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NCCN Guidelines for Patients



Breast Cancer – Metastatic (STAGE IV), Version 2.2017


Breast cancer basics

A disease of cells


Cancer’s threat

A disease of cells

Your body is made of trillions of cells. Cancer is a

disease of cells. Each type of cancer is named after

the cell from which it derived. Breast cancer is a

cancer of breast cells.

Almost all breast cancers are carcinomas.

Carcinomas are cancers of cells that make up the

skin and the tissue that lines or covers organs. In

the breast, carcinomas are cancers of cells that line

either the ducts or lobules. Most breast cancers start

in ductal cells.

Cells have a control center called the nucleus.

The nucleus contains chromosomes, which are

long strands of DNA (






cid) tightly

wrapped around proteins.

See Figure 3.


DNA are coded instructions for building new cells and

controlling how cells behave. These instructions are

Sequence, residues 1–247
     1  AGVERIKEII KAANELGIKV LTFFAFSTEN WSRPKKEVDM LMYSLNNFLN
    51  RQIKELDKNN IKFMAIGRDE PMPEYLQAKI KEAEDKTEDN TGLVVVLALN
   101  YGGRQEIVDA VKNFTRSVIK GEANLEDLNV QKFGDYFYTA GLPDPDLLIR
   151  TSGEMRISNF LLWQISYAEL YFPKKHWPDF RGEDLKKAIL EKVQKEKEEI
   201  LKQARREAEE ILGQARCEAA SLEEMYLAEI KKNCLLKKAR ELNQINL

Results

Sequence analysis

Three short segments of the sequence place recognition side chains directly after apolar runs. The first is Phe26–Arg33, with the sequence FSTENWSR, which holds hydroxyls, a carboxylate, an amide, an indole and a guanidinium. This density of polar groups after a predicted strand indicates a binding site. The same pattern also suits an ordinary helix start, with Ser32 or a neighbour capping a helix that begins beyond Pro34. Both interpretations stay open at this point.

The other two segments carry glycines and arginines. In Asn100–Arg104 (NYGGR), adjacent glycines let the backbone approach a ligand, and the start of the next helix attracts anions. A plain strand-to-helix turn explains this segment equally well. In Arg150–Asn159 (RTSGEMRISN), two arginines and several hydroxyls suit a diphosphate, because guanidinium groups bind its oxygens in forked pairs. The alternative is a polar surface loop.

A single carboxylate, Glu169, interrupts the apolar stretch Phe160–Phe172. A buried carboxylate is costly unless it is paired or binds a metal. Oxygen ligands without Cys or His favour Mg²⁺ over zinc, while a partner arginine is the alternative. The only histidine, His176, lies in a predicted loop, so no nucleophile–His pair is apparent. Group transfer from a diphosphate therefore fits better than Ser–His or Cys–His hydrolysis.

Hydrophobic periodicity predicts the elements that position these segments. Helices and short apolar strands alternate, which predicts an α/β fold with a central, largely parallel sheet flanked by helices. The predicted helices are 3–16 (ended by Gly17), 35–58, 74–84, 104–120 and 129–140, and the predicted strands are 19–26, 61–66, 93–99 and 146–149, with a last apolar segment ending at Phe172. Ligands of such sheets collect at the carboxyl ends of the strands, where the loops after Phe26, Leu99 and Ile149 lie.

called genes.

There can be abnormal changes in genes called

mutations. Some types of mutations that are linked

to cancer are present in all cells. Other mutations are

present only in cancer cells. Mutations cause cancer

cells to not behave like normal cells and sometimes

look very different from normal cells.

Cancer’s threat

Cancer cells don’t behave like normal cells in three

key ways. First, cancer cells grow more quickly and

live longer than normal cells. Normal cells grow

and then divide to form new cells when needed.

They also die when old or damaged as shown in

Figure 4

. In contrast, cancer cells make new cells

that aren’t needed and don’t die quickly when old or

damaged. Over time, cancer cells form a mass called

the primary tumor.

The second way cancer cells differ from normal cells

is that they can grow into surrounding tissues. If not

treated, the primary tumor can grow from a duct or

lobule into the stroma. Breast cancers that have

grown into the stroma are called “invasive.”

Third, unlike normal cells, cancer cells can leave

the breast. This process is called metastasis. In this

process, cancer cells break away from the tumor and

merge with blood or lymph. Then, the cancer cells

travel in blood or lymph through vessels to other

sites. Once at other sites, cancer cells may form

secondary tumors and cause major health problems.